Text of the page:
Sunday, December 29, 2013


When it came to this year’s Back to the Classics Challenge, the one that really stumped me was the “Animal” category. My immediate thought was to include a classic children’s book in that slot, since kids and animals seem to go together. But it wasn’t as easy as you’d think. I didn’t want to do a re-read, so Charlotte’s Web and Call of the Wild were out. And I didn’t want to read something that was going to make me cry, so forget Old Yeller or Black Beauty. In desperation, I turned to and found an unlikely list: “Best Anthropomorphic Animal Books." (Random, don’t you think? I am beginning to think there’s a goodreads list for everything!) And that’s why I whittled away (sorry I couldn’t resist) a couple of hours with this children’s classic last month.

Those who like me haven’t read Carlo Collodi’s original story of the marionette who comes to life might be surprised at how closely the folks at Disney actually followed the original Pinocchio. There are differences, of course, but the bulk of the plot was the same. As you might expect, the original is way more violent than the Disney version -- Pinocchio manages to kill the conscientious cricket who was later renamed Jiminy by folks at Disney during their first meeting, for example. Strangely, the original is also way preachier than the Disney version, with constant lessons about young boys’ behavior.

I guess the biggest surprise for me was that Pinocchio is a lot less likeable as a character in the original version of the story. He’s no sooner sentient than he’s jeering and rude to poor Gepetto. The innocent quality of the Disney version was entirely lacking. Pinocchio isn’t led off the straight and narrow because of bad company in Collodi’s story; his flaws appear to be innate. I found that such an interesting take on the nature of children. Are they inherently innocent and needing to be protected, or are they inherently bad and needing to be brought to heel?

For example, toward the end of the book, Pinocchio’s bad behavior causes him “donkey fever,” and his kind friend the Marmot has to tell him the sad truth about what has happened to him:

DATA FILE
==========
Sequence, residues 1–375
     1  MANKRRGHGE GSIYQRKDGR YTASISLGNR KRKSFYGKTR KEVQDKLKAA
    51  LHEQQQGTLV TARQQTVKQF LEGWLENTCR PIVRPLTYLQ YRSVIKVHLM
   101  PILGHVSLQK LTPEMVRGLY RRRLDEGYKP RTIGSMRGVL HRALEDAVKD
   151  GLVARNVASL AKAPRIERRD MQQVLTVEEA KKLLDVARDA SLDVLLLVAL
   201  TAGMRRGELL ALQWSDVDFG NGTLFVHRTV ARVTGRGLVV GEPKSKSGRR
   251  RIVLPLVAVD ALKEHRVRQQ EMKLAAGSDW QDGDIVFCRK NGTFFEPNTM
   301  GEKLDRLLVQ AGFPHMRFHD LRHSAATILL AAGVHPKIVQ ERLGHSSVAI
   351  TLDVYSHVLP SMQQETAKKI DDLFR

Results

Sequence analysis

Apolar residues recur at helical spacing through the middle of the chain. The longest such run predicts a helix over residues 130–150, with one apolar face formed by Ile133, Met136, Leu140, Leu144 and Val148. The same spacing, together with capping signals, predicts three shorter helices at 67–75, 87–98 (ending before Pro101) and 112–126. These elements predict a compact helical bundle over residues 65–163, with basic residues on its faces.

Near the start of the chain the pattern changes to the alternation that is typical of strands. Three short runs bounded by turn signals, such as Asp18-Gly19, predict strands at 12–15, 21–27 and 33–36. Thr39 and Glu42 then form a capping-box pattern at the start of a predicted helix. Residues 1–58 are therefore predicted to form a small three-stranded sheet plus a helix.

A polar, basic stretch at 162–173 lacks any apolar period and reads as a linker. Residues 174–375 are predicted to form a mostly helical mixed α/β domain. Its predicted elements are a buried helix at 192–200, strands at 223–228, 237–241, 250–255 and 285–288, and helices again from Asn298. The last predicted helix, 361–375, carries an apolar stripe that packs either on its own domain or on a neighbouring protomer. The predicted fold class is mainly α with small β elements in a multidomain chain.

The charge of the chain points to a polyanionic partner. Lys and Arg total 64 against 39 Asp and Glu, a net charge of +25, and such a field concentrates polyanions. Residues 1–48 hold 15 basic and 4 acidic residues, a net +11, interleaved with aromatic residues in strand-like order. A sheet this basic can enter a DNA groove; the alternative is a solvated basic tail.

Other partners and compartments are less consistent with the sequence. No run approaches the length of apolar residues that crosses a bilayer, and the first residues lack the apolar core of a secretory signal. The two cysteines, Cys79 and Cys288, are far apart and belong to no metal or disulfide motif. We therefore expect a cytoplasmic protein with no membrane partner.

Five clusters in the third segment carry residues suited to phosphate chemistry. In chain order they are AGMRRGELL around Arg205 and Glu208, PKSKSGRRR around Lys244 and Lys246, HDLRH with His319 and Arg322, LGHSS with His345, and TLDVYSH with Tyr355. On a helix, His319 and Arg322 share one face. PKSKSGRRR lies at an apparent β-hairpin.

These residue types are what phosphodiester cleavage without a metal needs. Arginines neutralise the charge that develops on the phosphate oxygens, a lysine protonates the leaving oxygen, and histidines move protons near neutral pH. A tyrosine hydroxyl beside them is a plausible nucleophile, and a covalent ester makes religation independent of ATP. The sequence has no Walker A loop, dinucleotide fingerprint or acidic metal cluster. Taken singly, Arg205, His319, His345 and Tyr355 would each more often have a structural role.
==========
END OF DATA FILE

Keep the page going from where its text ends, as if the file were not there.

”My dear boy,” said the Marmot, by way of consoling him, “you can do nothing. It is destiny. It is written in the decrees of wisdom that all boys who are lazy, and who take a dislike to books, to schools, and to masters, and who pass their time in amusement, games, and diversions, must end sooner or later by becoming transformed into so many little donkeys.” Kindle location 1265 of 1637

I actually enjoyed reading Collodi’s Pinocchio, but here’s the thing: I’m not sure that the average 21st Century parent would relish reading the original version of this classic to their children. Yes, there is ultimately a happy ending, but that comes through Pinocchio learning the difficult lessons of self-denial and obedience -- and those things seem somehow woefully out of fashion today. Cleverness and individuality and most other values that contemporary children’s book authors focus on are entirely absent in Collodi’s tale. But that may be too bad, because thrift and selflessness are still powerful values for children to emulate. In fact, they may be increasingly important values for the generation of kids who need to deal with problems like global warming and the knowledge gap. Maybe there’s a place for another interpretation of the tale, minus the corporal punishment and violence, but more in keeping with the redemptive nature of work, from Collodi’s perspective?

So that’s the fifth book for the Back to the Classics Challenge, and number 5 on my Classics Club list. And the good news is that I have the last book read, so that review will be coming tomorrow, meaning I will at least finish the one Challenge I joined this year! Pinocchio: The Tale of a Puppet (translated by Alice Carsey) was available as a free Kindle title, so the cost of the challenge after 5 books remains $12.29 -- or about $2.46 per title. Thanks to Sarah Reads Too Much and the Classics Club crew for hosting the 2013 challenge! I'm looking forward to participating in 2014 when it will be hosted by Karen at Books and Chocolate.


  1. I'm surprised to see Disney followed the story closely. I've never thought of reading this book but it sounds like it's worth doing so.

    1. I definitely recommend it, Kathy, just because the differences underscore deep differences in culture, since the plot is very similar.

  2. My sons watched the movie over and over when they were kids. I loved watching it with them myself. Hope some of its lessons rubbed off, lol.

    1. I was trying to remember if my kids even saw it -- they were all about the princesses, as I recall. But I certainly remember it!

  3. I read this to my class last year, unaware (ashamedly) of what an excellent little novel it is. My third graders loved it, even so far as for one little girl to make a marionette of her own at home. When we watched the film by Disney, after reading the original text written by Collodi, they actually preferred the later. Bravo, third graders!

    Thank you so much for your kind thoughts and happy wishes Chez Bellezza. Have a lovely New Year, Col!


I absolutely love comments. Thanks for taking the time to share! Col